Sweet Charity: Nonprofits Help Pay for Cancer Drugs, Insurance
Many nonprofit organizations aid patients in paying for their cancer drugs or health insurance.
PUBLISHED: NOVEMBER 16, 2016
Diagnosed with cancer when she was already having financial difficulties, MARIANNE MORGAN was able to complete her medical treatments with help from the nonprofit HealthWell, which provides grants to eligible patients. - PHOTO BY STEPHANIE BOUGH
“I went to pick up my medication, and it came to $480, which I didn’t have,” she remembers. “I went home and told my partner, ‘I can’t afford this; we don’t have the money.’ I felt like I’d reached the bottom of the barrel.”
Morgan is by no means alone. According to the American Cancer Society, the total direct cost of cancer treatment in the United States was $88.7 billion in 2011. Since then, costs have continued to rise.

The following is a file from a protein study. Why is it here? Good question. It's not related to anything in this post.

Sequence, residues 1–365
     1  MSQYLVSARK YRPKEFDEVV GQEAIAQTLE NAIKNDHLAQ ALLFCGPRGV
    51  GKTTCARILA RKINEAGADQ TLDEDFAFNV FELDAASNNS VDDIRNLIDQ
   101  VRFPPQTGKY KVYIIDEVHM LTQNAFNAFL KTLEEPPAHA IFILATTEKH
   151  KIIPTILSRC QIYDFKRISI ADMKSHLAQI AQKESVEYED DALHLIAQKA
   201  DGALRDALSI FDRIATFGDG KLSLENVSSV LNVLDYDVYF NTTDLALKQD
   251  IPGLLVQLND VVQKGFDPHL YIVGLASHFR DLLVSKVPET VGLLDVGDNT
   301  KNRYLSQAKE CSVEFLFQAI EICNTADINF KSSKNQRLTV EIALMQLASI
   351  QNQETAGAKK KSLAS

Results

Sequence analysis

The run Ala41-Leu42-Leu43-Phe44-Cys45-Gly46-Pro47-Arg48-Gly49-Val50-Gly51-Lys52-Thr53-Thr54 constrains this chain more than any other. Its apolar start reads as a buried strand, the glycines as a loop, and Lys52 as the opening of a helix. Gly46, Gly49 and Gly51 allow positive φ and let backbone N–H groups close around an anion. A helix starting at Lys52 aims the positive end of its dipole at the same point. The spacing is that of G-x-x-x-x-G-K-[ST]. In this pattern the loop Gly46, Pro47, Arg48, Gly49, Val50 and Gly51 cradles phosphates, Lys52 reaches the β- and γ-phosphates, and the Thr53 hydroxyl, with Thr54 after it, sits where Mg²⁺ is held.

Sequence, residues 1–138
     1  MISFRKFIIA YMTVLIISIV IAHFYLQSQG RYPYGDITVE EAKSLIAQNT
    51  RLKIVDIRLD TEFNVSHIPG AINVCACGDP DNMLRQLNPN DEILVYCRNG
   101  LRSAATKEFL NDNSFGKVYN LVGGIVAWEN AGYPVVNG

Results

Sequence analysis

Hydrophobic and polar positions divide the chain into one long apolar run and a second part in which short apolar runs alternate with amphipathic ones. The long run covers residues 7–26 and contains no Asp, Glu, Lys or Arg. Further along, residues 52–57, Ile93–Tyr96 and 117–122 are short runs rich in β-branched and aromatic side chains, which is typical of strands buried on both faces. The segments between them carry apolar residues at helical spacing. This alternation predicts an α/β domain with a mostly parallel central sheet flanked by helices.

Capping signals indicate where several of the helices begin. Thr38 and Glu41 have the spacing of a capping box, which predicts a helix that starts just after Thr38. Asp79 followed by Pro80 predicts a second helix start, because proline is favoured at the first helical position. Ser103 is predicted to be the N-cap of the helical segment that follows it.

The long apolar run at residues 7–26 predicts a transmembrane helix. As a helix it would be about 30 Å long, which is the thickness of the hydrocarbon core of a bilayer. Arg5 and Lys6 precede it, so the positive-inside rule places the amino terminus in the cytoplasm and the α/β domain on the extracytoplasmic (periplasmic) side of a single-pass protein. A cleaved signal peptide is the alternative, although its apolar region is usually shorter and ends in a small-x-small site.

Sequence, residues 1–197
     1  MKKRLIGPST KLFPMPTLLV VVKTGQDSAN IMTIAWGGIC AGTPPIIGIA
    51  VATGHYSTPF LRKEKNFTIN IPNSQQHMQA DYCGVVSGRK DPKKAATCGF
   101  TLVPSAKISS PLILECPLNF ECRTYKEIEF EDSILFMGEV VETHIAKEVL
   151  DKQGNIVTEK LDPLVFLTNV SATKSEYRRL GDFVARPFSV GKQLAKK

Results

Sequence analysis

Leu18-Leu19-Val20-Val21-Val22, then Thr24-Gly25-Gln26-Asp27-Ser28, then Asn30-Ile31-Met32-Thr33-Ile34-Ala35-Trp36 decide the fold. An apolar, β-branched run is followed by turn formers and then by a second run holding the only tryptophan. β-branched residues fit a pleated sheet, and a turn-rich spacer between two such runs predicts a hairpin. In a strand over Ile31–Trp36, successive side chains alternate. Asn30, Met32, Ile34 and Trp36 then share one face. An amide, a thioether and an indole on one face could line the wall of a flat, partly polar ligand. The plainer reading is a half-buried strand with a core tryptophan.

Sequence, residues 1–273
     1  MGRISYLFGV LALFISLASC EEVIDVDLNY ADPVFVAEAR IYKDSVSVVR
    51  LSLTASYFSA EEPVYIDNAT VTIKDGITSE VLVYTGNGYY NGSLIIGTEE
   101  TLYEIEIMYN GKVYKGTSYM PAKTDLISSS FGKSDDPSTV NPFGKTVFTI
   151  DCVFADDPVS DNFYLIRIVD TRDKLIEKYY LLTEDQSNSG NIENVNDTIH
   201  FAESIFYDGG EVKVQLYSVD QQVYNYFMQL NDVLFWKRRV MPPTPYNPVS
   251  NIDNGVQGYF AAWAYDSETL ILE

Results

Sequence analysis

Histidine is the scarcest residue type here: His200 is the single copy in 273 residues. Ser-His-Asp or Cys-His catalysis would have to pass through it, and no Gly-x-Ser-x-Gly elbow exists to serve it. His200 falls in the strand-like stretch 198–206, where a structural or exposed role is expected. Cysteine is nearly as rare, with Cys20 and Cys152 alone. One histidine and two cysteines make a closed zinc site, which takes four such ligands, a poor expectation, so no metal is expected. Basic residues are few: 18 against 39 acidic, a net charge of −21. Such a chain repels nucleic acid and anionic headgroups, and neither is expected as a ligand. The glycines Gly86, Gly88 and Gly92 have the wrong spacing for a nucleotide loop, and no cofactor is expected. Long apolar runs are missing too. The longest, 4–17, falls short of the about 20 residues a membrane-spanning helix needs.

New and promising drugs and treatments are rapidly being brought to market, but often come with astronomical costs. According to a study by the National Bureau of Economic Research, the average price of new drugs has been increasing by 10 percent annually since 1995, or about $8,500 a year.
Cancer care can be particularly expensive, with some of the newer targeted drugs or immunotherapies — often only part of a patient’s medication regimen — costing in the neighborhood of $100,000 for a year’s worth of treatment. The amount patients are reimbursed for these costs can vary, depending on their insurers and plans.
The prevalence of such health care woes has resulted in a new term: financial toxicity, defined as any financial harm that patients experience as a result of the cost of their treatment.
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